Why is sustainability important to art school?
It is possible, however, that SAIC is not an obvious choice for a partner in a green collaboration. One reason is that, “we ourselves aren’t a good citizen” Labb says of the schools green record. But, he also says, that we can learn from the city in this way as they try to figure out how to be a good model, a shining example to other businesses of effective sustainability practices. And there is much that the school is doing that people just don’t know about. “In order to do this collaboration, we too will have to bring ourselves into the practices,” he says.
There is also the question of whether artists really care about issues of sustainability. Coleman says that sustainability is important to SAIC, because it is too often “something we think somebody else should be doing and we don’t bring it down to the level of how does it influence me.” Sustainability is such a big issue that it deters us from being involved. She explains, “The goal of this program and the goal of bringing into the school is aligned in that we all have to understand our ethical responsibility. How do we benefit from living here? We all have an investment.” Furthermore, as artists, she tells us, “we have the ability and the vision to bring it to a level that other people will understand. Who better than the art community can bring [sustainability] into a cultural understanding?”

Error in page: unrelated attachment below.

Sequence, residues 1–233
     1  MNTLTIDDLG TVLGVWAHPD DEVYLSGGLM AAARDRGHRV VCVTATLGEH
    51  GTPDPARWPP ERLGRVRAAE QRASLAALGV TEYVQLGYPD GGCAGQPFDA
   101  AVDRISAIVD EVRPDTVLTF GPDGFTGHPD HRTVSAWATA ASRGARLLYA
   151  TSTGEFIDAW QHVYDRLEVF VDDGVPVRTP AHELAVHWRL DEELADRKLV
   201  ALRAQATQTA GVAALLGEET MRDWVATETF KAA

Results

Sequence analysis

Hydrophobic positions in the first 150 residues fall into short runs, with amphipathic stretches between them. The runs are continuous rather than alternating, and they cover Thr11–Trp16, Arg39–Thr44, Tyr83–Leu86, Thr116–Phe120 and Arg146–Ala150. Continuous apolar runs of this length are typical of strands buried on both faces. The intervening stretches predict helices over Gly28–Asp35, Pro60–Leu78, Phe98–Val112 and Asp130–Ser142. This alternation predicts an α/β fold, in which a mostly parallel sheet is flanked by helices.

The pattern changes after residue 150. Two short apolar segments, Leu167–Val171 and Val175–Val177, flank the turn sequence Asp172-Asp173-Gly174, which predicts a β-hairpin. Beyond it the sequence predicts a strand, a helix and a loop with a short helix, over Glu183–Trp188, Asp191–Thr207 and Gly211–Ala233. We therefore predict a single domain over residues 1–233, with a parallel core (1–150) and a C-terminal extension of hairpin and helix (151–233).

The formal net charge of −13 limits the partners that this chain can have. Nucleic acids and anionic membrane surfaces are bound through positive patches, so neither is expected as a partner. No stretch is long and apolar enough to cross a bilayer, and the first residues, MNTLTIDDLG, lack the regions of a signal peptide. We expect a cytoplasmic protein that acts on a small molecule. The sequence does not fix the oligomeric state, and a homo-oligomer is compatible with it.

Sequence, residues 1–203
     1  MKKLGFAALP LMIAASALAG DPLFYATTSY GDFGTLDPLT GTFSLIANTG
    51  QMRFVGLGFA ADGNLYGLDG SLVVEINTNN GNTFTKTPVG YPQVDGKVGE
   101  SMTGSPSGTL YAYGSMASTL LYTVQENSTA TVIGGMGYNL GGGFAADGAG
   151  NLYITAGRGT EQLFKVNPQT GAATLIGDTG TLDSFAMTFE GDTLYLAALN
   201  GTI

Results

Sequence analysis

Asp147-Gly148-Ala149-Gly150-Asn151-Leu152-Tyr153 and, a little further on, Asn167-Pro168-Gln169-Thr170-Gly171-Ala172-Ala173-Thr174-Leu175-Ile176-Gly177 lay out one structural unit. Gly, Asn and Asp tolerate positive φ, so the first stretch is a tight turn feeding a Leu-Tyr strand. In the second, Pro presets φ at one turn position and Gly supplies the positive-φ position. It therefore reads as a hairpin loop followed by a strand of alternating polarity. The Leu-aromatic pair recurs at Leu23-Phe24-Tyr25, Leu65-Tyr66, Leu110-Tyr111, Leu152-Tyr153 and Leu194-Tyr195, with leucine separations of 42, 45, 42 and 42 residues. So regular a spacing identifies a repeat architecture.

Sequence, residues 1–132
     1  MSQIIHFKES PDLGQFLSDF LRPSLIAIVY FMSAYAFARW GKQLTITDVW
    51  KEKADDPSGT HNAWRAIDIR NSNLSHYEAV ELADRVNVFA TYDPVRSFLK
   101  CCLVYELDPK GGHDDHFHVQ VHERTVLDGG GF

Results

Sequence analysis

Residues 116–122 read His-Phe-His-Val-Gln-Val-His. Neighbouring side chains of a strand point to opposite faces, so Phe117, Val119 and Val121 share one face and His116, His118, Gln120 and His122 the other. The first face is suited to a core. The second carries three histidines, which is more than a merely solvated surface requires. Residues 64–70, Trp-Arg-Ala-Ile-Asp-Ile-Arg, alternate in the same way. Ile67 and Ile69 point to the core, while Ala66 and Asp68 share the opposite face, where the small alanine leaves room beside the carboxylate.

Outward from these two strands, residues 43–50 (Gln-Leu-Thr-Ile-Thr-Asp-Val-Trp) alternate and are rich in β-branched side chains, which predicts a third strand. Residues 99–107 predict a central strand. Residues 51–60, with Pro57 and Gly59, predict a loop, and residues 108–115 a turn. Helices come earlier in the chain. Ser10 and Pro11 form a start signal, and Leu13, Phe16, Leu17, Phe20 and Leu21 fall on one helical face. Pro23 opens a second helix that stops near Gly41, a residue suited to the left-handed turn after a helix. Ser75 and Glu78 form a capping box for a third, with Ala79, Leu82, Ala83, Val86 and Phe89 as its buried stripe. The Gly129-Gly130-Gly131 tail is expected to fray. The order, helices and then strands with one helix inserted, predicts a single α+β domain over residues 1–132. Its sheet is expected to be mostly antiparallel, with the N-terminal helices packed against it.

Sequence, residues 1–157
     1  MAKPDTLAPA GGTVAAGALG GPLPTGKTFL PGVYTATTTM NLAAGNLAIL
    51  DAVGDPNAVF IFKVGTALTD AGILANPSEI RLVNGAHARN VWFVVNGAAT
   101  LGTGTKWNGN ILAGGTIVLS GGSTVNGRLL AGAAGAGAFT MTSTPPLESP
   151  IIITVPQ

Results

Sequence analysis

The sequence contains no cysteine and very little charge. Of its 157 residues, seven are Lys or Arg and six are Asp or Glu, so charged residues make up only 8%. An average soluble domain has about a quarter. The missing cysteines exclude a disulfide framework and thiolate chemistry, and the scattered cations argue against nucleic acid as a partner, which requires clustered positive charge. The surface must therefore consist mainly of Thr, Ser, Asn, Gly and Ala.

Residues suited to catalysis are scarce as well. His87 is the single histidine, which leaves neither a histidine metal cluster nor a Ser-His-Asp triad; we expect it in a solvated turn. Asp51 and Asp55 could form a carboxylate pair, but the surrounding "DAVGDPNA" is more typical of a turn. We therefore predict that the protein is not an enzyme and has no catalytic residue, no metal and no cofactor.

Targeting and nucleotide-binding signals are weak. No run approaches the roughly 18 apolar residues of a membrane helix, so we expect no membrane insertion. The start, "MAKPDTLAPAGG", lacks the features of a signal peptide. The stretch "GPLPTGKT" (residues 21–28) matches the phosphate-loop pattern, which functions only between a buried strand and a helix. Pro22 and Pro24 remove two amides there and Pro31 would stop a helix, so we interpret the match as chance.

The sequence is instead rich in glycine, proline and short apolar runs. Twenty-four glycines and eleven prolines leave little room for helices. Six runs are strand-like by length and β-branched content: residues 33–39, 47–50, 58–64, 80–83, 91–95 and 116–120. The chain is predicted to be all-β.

This spring, SAIC will be offering Co-ops and internships as part of the collaboration with the city, as well as numerous classes that will incorporate the aesthetics of sustainability.
Look for some of the following class offerings:
Greenmap TM Project, Green Materials 1, Topics in Environmental Science, Urban Geography.
Also, Materials 2: Life-cycle ecologies and Graduate Design Studies for the Masters in Architecture and Masters in Interior Architecture Degrees; and Future Green: Sculptural Strategies for City Living in the Sculpture Department.
Photo by Dimitry Tetin